May 2019 news

May 2019 newsletter with links on TODO
topics: newsletter
created: 26 Apr 2019; modified: 21 May 2019; status: in progress; confidence: log; importance: 0

This is the May 2019 edition of the newsletter; previous, April 2019/2018 summary newsletter (archives). This is a summary of the revision-history RSS feed, overlapping with my Changelog & /r/gwern; brought to you by my donors on Patreon.








  • Sicario (2015)

  • Dialogues des Carmélites opera

    An unusual modern opera (1950s), based on a screenplay inspired by the play production of a novella (which led to an ugly legal dispute), by some unfamiliar names; I initially was going to give this a pass but the local opera group’s brochure praised it and I liked the visuals of the Met’s preview.

    The historical martyrdom in question is simple to describe: a convent of nuns was dispersed by the French Revolution’s Terror, but continued religious activities, were caught, and were guillotined; for opera’s purposes, they earned immortality by collectively singing a hymn on the way to the guillotine (amusingly, WP says there is considerable disagreement on what was sung, which one would think would be difficult to disagree on). The opera doesn’t particularly elaborate on this, proceeding linearly from the protagonist entering as a novice, to death of the cloister’s mother superior with ominous premonitions, the expulsion of the nuns by soldiers of the French state, and finally their reappearance in a prison cell prior to the mass execution, which the still-free protagonist witnesses and voluntarily joins at the last second, dying with them.

    Eschewing the lavish costuming of Carmen for its cast of nuns and the varied scenes of Ring for almost a single stage setting (a large cross-shaped stone-paved area in the center of the stage), D embraces an intensely austere approach: with sharp stagelighting on the cross and total darkness everywhere else, the black-white habits of the nuns means they appear by magic when they turn toward the audience and the white flashes, while they vanish into darkness the instant they step off the cross. The cross area, standing in for all locations in the cloister and times in the play (how much time passes? it must be years given the chronology of the French Revolution, but there’s no way to tell), regularly creates uncertainty, and combined with the constant disappearing acts, there is a phantasmagoric feel which emphasizes the monologues and dialogues.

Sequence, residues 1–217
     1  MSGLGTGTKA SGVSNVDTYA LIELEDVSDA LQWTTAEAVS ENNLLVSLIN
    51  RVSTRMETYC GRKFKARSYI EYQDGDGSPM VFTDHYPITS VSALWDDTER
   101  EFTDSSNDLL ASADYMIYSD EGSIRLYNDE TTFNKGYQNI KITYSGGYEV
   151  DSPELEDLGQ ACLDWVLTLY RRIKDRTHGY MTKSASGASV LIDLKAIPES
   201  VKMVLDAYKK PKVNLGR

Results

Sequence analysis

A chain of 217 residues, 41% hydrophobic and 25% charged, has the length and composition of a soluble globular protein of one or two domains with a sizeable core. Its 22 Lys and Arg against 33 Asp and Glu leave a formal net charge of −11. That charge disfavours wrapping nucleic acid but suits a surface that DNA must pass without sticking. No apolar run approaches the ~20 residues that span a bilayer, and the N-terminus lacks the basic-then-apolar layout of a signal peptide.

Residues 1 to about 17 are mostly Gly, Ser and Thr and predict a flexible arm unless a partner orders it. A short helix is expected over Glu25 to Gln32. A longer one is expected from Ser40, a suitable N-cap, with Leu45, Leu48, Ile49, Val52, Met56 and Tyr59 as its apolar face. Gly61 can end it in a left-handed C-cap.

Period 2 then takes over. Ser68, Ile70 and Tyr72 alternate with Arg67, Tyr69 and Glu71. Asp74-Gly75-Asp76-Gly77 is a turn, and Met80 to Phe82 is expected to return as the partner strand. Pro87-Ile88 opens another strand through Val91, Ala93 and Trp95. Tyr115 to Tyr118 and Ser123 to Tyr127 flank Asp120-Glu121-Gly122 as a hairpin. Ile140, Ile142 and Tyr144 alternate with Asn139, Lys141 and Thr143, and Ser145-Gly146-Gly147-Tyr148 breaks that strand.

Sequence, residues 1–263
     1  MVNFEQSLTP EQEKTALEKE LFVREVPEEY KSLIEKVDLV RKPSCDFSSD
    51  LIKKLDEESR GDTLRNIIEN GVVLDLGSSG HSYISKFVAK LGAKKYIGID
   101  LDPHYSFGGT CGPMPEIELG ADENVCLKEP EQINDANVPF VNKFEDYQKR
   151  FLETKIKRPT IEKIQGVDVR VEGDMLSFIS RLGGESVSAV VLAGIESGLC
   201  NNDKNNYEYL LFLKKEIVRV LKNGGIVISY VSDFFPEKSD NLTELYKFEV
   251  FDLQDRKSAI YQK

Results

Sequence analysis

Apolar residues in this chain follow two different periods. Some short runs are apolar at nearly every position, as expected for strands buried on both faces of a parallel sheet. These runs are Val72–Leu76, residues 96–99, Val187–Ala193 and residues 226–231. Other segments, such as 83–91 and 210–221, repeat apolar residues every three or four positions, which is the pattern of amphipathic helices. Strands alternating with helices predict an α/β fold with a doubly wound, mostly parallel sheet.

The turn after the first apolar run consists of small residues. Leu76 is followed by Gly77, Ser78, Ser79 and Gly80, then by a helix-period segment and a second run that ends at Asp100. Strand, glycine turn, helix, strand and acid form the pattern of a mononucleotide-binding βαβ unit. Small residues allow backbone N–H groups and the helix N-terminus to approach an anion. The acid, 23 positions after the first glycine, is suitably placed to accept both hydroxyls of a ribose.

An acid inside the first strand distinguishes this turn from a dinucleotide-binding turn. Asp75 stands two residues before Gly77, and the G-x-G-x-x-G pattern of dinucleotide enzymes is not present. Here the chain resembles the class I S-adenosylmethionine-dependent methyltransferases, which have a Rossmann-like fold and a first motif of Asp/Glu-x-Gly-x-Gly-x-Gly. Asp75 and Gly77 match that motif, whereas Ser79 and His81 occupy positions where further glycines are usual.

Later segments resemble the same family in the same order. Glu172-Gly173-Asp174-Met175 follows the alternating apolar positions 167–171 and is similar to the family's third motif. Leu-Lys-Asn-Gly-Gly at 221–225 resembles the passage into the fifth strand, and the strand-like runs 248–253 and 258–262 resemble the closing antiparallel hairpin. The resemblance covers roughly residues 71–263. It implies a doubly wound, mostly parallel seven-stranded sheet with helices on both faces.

The singing struck me as overall being much less interesting, suffering from a lack of drama (‘dialogues’ admittedly tells you to not expect as much as, say, Wagner), and I was surprised at how apparently little inspiration it takes from traditional Catholic music (which must be one of the richest veins of religious music in existence, particularly for Western music). I can remember the mother superior’s death scene and of course the final march to the guillotine, but I draw a blank on the rest.

    I was left less disappointed than puzzled, feeling I was missing a lot, as if the whole opera were simply incomplete. Many subplots which appeared important were dropped without a word (the fugitive priest, the informer blacksmith, the fate of the protagonist’s brother), and characters are badly underdeveloped. The protagonist Blanche initially comes off as so neurotic that one feels she needs less a prioress than a psychiatrist, and is seeking refuge in the Carmelites for entirely inappropriate reasons, with no serious discussion of her personal growth. The mother superior’s scenes take up an enormous fraction of the opera’s running time, and while they are quite impressive (it can’t be easy to sing opera like that while lying crippled on top of a bunch of sacks), the upshot seems to be that her death was a difficult one and her decades of faith & virtue & meditation upon death all proved entirely useless, and she had failed to foresee & protect her sisters. Her final act is to order one of her nuns to watch over Blanche and see to her spiritual growth. It is unclear how her death or the overseeing ties into anything else, and I was further perplexed by how the nuns are depicted as eager and thrilled to martyr themselves, being blocked only by the new mother superior’s strict orders, and finally succeeding when her back is turned—which like Blanche’s original motivation for entering religious orders smacks of satire rather than sacredness. Finally, Blanche’s character shows hardly any development, and we ultimately have no idea of why she suddenly changes her mind and voluntarily joins her imprisoned sisters to be martyred.

    As much as it invokes the great themes of the religious life and taking orders, religious persecution, the terror of death, and the conflict between living & dying for one’s faith, I find that its name is misleading as it actually says little about any of these themes.

  • Terminator 2 (“The tech of Terminator 2—an oral history”)

  • It Follows (2014)